Some students will independently request a research consultation while others are required by their faculty to meet with a librarian. Often, students ask for a consultation after their own attempt to find and evaluate sources yielded little. They may arrive for the meeting feeling frustrated and concerned that their research topic is invalid. Self-motivated students, when prompted, readily engage in dialogue while others, hoping for a quick resolution to their research problems, are caught off guard at the encouragement to actively participate. However, by engaging in dialogue throughout the reference encounter, all students learn that it is essential to the research process (Dewdney and Michell 62). The librarian encourages students to return to their point of initial inquiry that steered them to their topic. When students are driven by curiosity, learning will follow.
It is implied through the philosopher Plato’s writing that Socrates would ask his pupils carefully crafted questions in an effort to get them closer to the truth through their own examination of a subject. In describing Socratic education, Woodruff affirms that “nothing is more important to this kind of education than the resources that learners bring to it” (14). A teacher asks questions with no clear implication of correct answers, encouraging students to process and critically think about the productive use of information and come to their own conclusions (Hunkins 4). Because the teacher’s questions prompt students’ observation of the complexity of knowledge, they recognize that the teacher is modeling good questioning techniques and that their responses to these questions help them articulate problems and consider different solutions. Students embrace these solutions because they feel that the ideas are theirs, from conception to conclusion (Woodruff 19). This metacognitive activity “enables students to be autonomous learners, empowering them to control their learning” (Hunkins 19).
Socratic questioning is also used in psychotherapy, however there does not appear to be a unified approach to employing the method (Carey and Mullan). In cognitive therapy, Socratic questions “are used to clarify meaning, elicit emotion and consequences, as well as to gradually create insight or explore alternative actions” (James et al. 85). Overholser states that the contemporary application of systematic questioning in psychotherapy is “a cooperative exploration” that encourages clients to reconsider a point of view or suggest new approaches to a problem (“Systematic Questioning” 67). He states that Socratic questioning is not only a method of gathering information, but encourages incorporation and analysis of many types of information (“Systematic Questioning” 69).
Socrates advocated for a one-to-one teaching encounter so that teachers engage students individually, making the research consultation an apt library service for employing this method (Woodruff 36). Additionally, because psychotherapy is often a one-on-one relationship, the use of Socratic questioning in this setting may be examined for possible application to the research consultation. In cognitive therapy, this process of collaborative exploration is articulated by Padesky as four stages of questioning: asking informational questions to which the person knows the answers; listening, particularly to hear emotions and unexpected answers; summarizing the dialogue and sharing knowledge as it is discovered; and synthesizing by applying the new information learned from questioning and listening (5-6).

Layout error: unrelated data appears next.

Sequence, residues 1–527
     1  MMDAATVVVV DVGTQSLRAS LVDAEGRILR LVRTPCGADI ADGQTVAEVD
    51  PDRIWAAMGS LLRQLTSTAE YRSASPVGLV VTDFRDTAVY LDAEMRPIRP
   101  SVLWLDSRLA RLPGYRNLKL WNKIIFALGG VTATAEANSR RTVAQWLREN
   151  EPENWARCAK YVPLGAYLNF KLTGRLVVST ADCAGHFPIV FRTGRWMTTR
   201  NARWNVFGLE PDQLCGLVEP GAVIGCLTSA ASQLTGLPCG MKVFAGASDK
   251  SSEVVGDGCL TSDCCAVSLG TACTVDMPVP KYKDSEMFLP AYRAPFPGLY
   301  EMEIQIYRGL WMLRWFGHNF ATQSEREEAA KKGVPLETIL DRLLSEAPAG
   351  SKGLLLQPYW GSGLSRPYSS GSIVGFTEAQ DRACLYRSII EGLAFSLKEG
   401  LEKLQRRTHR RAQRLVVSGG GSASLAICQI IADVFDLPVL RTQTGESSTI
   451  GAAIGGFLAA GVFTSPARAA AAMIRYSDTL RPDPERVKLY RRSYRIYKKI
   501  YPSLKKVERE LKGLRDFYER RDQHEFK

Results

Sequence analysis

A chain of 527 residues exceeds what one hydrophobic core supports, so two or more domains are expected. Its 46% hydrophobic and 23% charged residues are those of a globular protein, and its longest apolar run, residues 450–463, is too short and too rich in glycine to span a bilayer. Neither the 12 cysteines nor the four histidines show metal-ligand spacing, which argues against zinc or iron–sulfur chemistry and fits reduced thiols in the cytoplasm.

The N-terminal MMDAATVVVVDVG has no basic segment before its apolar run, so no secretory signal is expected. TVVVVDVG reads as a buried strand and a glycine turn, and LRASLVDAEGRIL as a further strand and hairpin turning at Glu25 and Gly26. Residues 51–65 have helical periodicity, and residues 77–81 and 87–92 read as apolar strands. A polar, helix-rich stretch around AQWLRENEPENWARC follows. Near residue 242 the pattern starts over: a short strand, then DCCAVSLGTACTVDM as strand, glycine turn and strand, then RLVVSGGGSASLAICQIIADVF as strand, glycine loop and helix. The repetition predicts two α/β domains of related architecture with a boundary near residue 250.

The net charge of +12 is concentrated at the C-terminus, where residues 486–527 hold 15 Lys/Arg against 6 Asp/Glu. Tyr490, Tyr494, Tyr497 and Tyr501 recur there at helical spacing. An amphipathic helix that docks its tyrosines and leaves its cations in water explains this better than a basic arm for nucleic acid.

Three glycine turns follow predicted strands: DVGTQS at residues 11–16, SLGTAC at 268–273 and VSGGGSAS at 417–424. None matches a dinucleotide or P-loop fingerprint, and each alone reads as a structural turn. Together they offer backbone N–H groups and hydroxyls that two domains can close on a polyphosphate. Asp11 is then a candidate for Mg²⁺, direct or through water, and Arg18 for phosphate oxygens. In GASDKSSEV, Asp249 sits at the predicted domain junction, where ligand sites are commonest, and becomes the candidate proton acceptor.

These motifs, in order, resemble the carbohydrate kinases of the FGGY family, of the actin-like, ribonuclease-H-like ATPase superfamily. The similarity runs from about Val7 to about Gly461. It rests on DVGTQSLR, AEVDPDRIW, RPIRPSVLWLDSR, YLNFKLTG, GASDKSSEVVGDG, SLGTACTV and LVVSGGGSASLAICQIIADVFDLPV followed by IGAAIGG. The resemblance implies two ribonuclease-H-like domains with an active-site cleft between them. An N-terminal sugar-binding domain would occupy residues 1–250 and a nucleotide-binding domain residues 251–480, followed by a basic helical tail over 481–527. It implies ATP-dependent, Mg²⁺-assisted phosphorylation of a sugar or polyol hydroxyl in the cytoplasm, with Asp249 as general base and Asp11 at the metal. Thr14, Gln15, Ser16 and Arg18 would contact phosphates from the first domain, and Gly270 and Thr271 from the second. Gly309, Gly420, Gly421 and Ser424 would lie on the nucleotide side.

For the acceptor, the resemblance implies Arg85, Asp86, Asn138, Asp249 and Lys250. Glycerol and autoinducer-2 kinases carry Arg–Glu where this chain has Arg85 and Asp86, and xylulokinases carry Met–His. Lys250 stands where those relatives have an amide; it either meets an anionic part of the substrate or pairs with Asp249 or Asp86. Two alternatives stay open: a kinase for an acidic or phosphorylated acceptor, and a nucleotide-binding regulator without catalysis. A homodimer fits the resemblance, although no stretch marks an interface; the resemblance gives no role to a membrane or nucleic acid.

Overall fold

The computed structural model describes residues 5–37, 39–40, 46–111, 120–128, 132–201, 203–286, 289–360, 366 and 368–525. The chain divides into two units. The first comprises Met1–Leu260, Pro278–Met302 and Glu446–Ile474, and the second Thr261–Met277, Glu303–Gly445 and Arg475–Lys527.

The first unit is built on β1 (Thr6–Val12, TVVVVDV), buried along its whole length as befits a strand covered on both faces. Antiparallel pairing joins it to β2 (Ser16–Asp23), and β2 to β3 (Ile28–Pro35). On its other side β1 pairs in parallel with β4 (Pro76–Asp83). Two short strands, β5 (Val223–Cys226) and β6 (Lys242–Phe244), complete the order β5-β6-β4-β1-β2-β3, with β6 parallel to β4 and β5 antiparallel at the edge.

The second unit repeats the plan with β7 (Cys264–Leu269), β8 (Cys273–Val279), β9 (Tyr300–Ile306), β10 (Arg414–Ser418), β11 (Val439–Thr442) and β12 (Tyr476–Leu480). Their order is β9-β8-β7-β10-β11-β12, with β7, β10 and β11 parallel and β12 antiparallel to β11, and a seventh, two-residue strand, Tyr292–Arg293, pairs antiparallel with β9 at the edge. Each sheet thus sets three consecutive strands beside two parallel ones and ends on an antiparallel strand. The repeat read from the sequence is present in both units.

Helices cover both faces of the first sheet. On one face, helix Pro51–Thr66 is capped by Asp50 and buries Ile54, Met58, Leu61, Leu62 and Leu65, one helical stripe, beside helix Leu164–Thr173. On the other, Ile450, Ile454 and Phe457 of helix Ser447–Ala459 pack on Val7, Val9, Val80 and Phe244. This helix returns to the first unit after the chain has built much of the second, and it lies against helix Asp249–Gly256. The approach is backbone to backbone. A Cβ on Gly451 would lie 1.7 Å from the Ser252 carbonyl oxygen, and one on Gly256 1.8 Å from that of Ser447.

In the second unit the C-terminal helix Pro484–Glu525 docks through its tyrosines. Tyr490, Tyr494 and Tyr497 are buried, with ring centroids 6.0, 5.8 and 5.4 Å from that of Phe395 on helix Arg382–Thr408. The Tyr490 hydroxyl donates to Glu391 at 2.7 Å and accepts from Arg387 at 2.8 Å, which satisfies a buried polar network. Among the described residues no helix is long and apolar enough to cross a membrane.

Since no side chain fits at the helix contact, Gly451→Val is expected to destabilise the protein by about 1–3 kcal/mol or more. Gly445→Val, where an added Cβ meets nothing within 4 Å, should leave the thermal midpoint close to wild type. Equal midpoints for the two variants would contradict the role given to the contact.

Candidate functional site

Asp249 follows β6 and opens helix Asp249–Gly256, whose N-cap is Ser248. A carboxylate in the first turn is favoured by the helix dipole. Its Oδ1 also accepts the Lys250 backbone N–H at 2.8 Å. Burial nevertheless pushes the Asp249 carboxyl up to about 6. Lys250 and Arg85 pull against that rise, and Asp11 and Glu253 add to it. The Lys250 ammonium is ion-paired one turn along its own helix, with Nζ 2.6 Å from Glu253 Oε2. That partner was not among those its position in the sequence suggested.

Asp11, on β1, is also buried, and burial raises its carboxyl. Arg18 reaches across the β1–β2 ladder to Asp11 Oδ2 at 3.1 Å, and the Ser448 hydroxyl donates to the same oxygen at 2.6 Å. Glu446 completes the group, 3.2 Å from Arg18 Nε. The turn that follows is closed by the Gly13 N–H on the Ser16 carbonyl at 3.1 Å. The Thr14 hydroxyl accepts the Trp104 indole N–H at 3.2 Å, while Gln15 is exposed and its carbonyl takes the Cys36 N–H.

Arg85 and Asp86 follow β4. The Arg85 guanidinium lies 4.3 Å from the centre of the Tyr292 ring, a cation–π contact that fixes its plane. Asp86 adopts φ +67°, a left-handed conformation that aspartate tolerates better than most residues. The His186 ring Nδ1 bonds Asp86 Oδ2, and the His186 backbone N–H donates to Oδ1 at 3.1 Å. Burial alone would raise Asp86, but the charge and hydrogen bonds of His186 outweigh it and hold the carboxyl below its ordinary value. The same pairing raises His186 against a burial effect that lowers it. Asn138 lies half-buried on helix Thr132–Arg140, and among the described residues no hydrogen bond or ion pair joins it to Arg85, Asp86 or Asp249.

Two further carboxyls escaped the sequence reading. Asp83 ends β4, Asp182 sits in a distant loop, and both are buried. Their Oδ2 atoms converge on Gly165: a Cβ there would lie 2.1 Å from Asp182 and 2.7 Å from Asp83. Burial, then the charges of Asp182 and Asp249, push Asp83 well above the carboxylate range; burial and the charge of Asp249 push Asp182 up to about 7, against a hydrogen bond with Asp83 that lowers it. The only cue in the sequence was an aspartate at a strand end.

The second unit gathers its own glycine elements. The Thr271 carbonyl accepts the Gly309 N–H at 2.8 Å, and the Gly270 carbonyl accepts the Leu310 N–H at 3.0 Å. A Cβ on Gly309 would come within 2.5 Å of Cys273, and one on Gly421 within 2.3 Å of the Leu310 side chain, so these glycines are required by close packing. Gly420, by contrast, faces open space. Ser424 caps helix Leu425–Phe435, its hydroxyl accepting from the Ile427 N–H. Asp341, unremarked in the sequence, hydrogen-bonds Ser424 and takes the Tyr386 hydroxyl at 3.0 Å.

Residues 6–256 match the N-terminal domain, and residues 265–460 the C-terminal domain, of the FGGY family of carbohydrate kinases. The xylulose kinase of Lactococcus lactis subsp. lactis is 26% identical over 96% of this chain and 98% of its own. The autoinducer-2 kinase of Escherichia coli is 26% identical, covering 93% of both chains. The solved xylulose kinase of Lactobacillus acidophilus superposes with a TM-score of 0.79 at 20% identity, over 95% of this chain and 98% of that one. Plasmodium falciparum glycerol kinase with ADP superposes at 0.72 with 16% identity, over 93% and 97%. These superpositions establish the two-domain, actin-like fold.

The connection between the psychological and pedagogical applications of Socratic questioning is clearly demonstrated by comparing Padesky’s four stages to Graves’ six question types developed to assist students in their writing (107-117). While he does not refer to these questions as Socratic, they are expressly within this methodology. Graves recommends opening questions that are conversational and easily answered by the student (108). Following questions enable the instructor to learn more about the student and writing topic, listening carefully and reflecting on the student’s answers (108). Process questions and “questions that reveal development” are those that will help the instructor understand the student’s current progress and stumbling blocks (108-109). Basic structure questions focus on the topic and developing context for that topic (112-114). Lastly, for the student who is too confident in their research ability, the teacher can ask “questions that cause temporary loss of control” for the student (116).
Both Padesky’s and Graves’ series of questions fulfill McTighe and Wiggins’ definition of essential questions. That is, they are open, “intellectually engaging,” require reasoning, move toward “transferable ideas within (and sometimes across) disciplines,” provoke further questioning, require rationalized answers, and may be recurring (3). These questions also align with RUSA’s Guidelines for Behavioral Performance of Reference and Information Service Providers, especially listening, continued open inquiry, and asking follow-up questions (Weare et al). In particular, the use of open questioning is encouraged because it allows users some control of the conversation, “with the freedom to unfold their stories in a human way” (Dervin and Dewdney 509).